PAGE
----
I know tons of people who get into the spiritual stuff and then early on throw up their hands, saying it’s too hard. That they just “don’t have it” in this area. So they blow it off.

If you’re one of those people who has blown off spiritual work or is struggling mightily and considering casting it aside, this article is for you. Here’s why.

At the heart of most people’s struggle in this arena is a misconception about the work itself. They get into it, inevitably encounter obstacles, then quit.

But consider what my favorite spiritual teacher, Mickey Singer, says about this. He asks people to consider all kinds of things we endeavor to learn.

Trigonometry was hard at first, too

For example, consider when you took trigonometry in high school. You’re in there for a week or two and the teacher is talking about secants, cosecants, tangents, cotangents, etc. And this stuff may as well be a foreign language. You really have no clue what it’s all about. Did you go up to the teacher early on and say, “I’m really sorry, Mr. Johnson, but I just don’t understand trigonometry. It’s too hard. I’m not cut out for it. So I’m going to drop the class.”

No, you didn’t. Why? Because you just started the class. Of course you don’t understand trigonometry. You need to learn it.

Same with the piano. After a week of lessons you can’t play Beethoven. You need to learn the notes of the white keys and black keys and learn scales, etc.

Practice is required to get good at anything

It’s the same with tennis, golf, French, 17th century Dutch painting, welding and every other subject under the sun. We commit some level of effort to practicing and studying these things and then we get better.

In fact, I defy anybody to challenge me on this point: If on day one you commit to practicing any of the above, you will be more proficient at it on day 365. And I don’t even mean giving your whole life to it. Giving some modest level of effort to anything will result in you getting better at anything.

It is the exact same way with spiritual work.

How practice works with the spiritual path

To illustrate why, let’s dive in by identifying three discrete areas of spiritual work — meditation, mindfulness and letting go — and see how this plays out.

Meditation: This is the most glaring example of people giving up early because they think they’re just not cut out for it. They get started and the thoughts swirl around like leaves in a Kansas tornado.

If this frustration happened to a budding piano player, they’d be told to stay with the basics — just be patient and keep learning your notes.

With meditation, it’s the same thing. Stick with the basics, which would be simply following something like breathing or a guided body scan meditation and when that tornado of thoughts invades, just do your best to notice them, nonjudgmentally, and return attention to the present moment.


Patience is the key to learning anything, isn’t it? It’s being okay with NOT being proficient at whatever your pursuing. But staying with it and trusting in the learning process. So it is with meditation.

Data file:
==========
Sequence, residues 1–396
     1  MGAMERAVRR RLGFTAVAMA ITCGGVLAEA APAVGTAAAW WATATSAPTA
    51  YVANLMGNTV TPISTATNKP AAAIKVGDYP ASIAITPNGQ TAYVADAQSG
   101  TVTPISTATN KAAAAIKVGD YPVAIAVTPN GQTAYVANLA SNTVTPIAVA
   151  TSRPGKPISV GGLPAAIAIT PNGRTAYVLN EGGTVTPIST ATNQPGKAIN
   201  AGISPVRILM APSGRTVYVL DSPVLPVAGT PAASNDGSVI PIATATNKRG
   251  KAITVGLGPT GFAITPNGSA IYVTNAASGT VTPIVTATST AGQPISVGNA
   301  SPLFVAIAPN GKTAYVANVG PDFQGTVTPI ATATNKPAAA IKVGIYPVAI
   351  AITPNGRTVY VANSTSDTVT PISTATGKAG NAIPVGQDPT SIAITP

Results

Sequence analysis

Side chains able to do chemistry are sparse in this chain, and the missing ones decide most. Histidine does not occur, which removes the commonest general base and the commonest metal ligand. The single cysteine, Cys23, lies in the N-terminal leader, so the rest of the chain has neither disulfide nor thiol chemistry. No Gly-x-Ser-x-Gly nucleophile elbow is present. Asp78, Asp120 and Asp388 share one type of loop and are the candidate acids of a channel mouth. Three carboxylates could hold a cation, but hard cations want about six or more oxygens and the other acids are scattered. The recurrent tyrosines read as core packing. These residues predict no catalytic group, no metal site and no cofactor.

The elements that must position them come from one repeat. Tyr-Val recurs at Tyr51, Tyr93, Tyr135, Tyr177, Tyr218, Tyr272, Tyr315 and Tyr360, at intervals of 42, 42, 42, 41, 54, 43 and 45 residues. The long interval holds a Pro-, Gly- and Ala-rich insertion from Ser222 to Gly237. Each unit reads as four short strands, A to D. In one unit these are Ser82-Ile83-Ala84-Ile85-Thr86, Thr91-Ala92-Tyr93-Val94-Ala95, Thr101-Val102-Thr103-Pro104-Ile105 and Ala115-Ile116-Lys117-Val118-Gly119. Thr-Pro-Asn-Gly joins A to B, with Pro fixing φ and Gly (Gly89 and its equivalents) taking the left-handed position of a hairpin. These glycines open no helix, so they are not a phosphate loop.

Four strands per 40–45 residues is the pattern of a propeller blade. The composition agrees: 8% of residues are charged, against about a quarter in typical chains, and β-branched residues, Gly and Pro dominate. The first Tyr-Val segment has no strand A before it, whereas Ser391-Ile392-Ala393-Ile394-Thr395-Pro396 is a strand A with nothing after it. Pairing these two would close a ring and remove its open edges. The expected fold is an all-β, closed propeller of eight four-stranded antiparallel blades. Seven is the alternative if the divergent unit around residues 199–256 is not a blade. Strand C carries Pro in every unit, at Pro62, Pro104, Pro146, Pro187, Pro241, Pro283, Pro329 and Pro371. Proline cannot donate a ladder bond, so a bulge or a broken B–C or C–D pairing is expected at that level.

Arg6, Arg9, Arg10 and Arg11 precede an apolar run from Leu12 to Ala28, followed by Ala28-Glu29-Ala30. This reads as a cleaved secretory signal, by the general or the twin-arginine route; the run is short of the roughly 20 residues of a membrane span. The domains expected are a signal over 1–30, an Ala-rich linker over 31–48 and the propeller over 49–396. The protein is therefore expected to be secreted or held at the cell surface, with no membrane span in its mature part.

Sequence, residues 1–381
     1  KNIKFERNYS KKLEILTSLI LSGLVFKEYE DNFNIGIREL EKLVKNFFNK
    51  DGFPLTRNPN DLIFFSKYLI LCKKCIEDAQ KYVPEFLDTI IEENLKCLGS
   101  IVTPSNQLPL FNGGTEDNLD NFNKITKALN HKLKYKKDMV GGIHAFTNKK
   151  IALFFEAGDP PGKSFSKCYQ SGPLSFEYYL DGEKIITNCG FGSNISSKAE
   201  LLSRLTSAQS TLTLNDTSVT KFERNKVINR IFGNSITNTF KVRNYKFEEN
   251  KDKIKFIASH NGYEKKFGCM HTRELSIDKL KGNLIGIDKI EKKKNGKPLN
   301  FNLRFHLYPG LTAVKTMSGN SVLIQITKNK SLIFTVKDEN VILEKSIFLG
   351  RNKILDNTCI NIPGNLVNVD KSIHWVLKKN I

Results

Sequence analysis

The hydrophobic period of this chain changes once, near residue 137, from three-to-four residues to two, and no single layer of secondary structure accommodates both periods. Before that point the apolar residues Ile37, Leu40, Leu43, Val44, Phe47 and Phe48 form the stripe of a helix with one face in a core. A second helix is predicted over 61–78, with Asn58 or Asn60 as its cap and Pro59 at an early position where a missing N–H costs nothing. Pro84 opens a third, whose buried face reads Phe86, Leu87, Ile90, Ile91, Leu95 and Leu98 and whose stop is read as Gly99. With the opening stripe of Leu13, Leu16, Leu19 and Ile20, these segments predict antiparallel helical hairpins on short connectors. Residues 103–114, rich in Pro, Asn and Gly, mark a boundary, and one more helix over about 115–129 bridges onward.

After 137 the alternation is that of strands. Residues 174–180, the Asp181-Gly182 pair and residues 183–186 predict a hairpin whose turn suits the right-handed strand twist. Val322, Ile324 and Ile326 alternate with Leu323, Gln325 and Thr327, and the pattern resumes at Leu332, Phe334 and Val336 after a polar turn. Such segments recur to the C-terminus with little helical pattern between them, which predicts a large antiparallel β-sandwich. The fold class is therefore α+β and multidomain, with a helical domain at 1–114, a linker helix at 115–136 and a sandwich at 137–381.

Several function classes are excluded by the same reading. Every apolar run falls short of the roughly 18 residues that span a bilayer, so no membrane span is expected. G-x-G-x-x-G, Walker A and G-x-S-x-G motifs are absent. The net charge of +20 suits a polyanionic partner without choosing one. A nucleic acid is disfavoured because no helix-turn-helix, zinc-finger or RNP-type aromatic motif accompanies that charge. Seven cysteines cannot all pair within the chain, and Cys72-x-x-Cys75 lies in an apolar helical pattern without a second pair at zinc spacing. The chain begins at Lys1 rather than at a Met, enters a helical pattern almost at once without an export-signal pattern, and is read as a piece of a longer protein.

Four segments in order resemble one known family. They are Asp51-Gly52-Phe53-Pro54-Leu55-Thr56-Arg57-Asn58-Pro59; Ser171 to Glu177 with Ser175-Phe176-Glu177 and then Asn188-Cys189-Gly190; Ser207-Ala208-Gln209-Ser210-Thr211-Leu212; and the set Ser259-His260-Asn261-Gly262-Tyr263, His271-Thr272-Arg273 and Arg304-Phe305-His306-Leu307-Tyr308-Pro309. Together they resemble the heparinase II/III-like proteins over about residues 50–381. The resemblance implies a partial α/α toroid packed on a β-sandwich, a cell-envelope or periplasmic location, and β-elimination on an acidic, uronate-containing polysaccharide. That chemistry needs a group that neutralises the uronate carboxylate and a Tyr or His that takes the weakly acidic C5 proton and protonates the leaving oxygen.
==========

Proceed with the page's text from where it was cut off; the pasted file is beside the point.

Mindfulness: You’re trying to be more present throughout your days, but keep finding that you get lost in your head all the time. You drive home from a tough day at work and realize you were so stuck in your mind that you can’t remember anything from your thirty minute drive.

That’s okay! You just stay patient and keep practicing. With mindfulness that mostly means being as vigilant as we can with becoming aware as quickly as possible when we’re drifting off into thought. And then bringing our attention back to the car, our work desk or the conversation we’re having with our five year old daughter.

Letting go: I’ve written extensively about the importance of letting go of our egoic selves when our buttons get pushed. And especially when we’re just starting out on this, it is incredibly difficult. Why? Because our buttons have been pushed every single day, for decades for most of us, and we have reacted by diving in and fighting, arguing, retaliating, stewing, etc.

In other words, reacting that way is so normal that it’s hard to even become aware that we’re doing it. So what does it take to get better at it?


Just like the piano, tennis and French, the more we practice, the better we’ll get at letting go.

As with mindfulness, the key lies in using our will to become aware when our buttons have been pushed. Because we can’t let go of something if we aren’t conscious that it has arisen.

Commitment is the indispensable piece

Finally, for spiritual work, and every other endeavor, there is one underlying necessity for success: Commitment. If you want to become a great piano player it’s going to require that you commit to practicing a lot.

Making progress on the spiritual path is no different. It takes commitment.

The only thing that differentiates spiritual work from piano, tennis and all the others is that spiritual work is more valuable than any of the others. And it’s not even close.

Spiritual work makes us better at everything

Why? Because the benefits of this work, in the form of greater inner peace, more compassion for others and accessing the power and genius inside all of us that makes us better tennis players, piano players and everything else, make us better human beings in every way.

So pursue your spiritual work as you would anything else: commit to it, practice and be patient. You, your family and everybody in your life will be better for it.